Weekend roundup: “I Am My Own Wife” and Gogol Bordello

Editor’s note: This article was initially published in The Daily Gazette, Swarthmore’s online, daily newspaper founded in Fall 1996. As of Fall 2018, the DG has merged with The Phoenix. See the about page to read more about the DG.

Doug Wright’s fascinating play, “I Am My Own Wife,” was written only a few years ago, but the current production by Philadelphia’s Wilma Theater reinvents it already. It is the story of Charlotte von Mahlsdorf, an East German transvestite, collector of antique furniture, and gay bar owner (yes, in East Berlin) who had a surprising second career as a Stasi agent. The show was originally a one (male) actor show. The single actor embodied not only Charlotte but the voice of the playwright himself as he gets to know her, and 33 other characters. The Wilma’s production, directed by Blanka Zizka, splits the role into two; one actor primarily plays Charlotte and the other the playwright, which focuses the play on the relationship between the two. The artistic motivation is not quite clear- isn’t the point that one person could embody many contradictions? It does at least avoid comparison with Jefferson Mays’ astonishing and widely seen performance in the play’s New York incarnation, and according to the Philadelphia Inquirer’s review, remains an engaging work, though it loses much of its dramatic verve. Student tickets are available. Check http://www.wilmatheater.org for details.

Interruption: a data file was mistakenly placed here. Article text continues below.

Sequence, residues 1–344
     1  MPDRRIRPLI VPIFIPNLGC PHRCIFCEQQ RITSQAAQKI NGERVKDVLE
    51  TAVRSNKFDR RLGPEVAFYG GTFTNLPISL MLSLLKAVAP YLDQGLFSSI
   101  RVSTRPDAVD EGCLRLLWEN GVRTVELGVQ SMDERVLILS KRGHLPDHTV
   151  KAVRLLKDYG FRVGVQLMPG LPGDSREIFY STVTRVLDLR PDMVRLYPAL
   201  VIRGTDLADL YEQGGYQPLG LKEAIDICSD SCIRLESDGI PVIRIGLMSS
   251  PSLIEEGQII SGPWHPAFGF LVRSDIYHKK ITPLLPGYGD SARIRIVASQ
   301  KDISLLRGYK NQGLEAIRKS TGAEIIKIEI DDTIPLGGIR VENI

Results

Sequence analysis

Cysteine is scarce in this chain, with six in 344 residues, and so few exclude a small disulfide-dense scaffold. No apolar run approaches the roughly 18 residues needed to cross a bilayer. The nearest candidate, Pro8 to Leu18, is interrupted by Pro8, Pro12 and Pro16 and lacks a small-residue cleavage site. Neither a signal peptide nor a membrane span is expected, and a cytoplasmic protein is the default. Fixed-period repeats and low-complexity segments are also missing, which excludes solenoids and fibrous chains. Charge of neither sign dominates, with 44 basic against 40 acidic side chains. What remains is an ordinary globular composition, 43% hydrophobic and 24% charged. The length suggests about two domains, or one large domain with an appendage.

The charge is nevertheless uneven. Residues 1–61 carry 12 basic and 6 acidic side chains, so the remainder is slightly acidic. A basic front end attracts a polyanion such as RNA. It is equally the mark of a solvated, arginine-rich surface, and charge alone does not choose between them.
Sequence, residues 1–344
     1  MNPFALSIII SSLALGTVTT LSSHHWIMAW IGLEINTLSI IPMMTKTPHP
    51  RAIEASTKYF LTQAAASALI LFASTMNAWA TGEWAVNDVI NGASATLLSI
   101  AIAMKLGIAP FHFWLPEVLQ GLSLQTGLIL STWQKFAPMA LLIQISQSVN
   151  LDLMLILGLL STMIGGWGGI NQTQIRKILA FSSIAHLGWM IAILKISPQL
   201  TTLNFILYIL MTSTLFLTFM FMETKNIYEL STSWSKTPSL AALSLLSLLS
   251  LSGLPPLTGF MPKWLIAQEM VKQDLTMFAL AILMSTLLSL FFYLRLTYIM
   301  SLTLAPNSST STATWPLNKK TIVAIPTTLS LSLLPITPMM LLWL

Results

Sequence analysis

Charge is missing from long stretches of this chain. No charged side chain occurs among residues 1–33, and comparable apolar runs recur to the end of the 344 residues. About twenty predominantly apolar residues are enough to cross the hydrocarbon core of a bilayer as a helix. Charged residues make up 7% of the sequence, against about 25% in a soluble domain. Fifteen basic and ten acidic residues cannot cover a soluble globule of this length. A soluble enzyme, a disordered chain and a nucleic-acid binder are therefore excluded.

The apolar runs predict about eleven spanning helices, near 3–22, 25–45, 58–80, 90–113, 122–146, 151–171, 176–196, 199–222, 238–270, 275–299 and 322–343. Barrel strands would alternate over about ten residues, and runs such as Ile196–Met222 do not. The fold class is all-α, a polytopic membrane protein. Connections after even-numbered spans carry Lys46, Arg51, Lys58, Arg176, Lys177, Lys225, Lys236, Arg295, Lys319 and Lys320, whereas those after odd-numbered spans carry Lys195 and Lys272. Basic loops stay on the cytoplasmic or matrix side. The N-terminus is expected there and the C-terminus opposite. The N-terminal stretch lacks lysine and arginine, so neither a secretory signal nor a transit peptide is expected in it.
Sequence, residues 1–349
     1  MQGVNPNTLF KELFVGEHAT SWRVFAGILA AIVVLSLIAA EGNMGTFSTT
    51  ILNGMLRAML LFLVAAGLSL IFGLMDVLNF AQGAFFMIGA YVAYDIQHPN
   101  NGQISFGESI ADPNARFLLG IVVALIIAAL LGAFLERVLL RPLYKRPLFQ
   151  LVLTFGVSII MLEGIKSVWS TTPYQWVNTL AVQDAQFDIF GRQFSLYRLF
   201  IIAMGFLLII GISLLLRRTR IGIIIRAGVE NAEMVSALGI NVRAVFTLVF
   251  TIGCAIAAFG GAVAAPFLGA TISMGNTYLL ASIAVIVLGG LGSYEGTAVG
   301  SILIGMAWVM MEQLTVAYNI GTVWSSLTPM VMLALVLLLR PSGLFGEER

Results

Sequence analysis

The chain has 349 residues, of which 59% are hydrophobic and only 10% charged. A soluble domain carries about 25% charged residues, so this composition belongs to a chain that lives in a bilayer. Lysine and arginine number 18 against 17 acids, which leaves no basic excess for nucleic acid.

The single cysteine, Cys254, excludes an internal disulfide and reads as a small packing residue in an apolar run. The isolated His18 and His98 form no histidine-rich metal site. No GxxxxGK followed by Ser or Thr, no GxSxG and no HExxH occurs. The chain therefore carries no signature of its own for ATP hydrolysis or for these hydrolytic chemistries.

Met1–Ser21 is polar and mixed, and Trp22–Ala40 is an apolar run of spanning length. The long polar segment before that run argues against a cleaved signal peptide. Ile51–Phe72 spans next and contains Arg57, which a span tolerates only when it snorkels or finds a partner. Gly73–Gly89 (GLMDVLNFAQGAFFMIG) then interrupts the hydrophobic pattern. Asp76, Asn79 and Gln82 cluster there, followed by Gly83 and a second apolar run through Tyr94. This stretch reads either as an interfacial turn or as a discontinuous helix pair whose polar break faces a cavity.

This weekend’s music highlight passes the Weekend Roundup’s most important test: the band has a great name. They’re called Gogol Bordello, and are described by the Inquirer as “Brecht-Balkan punk,” with some reggae thrown in for good measure. Sounds sufficiently intellectual yet strange enough for Swatties. They’re playing the Theater of the Living Arts at 334 South Street (near Condom Kingdom) on Saturday at 9:00 p.m. Their most recent CD, “Gypsy Punks: Underdog World Strike” received great reviews, such as Pitchfork’s “they ooze [a] kind of stinky, trash-soaked, Greek-pizza-joint-coffee-tastin, Canal Street-on-a-high-summer-afternoon aroma.” And Ukrainian frontman Eugene Hutz, who recently played the, er, unique role of Alex in the film adaptation of Jonathan Safran Foer’s frantic “Everything is Illuminated,” has “the best mustache in rock.” Tickets are a mere $12.

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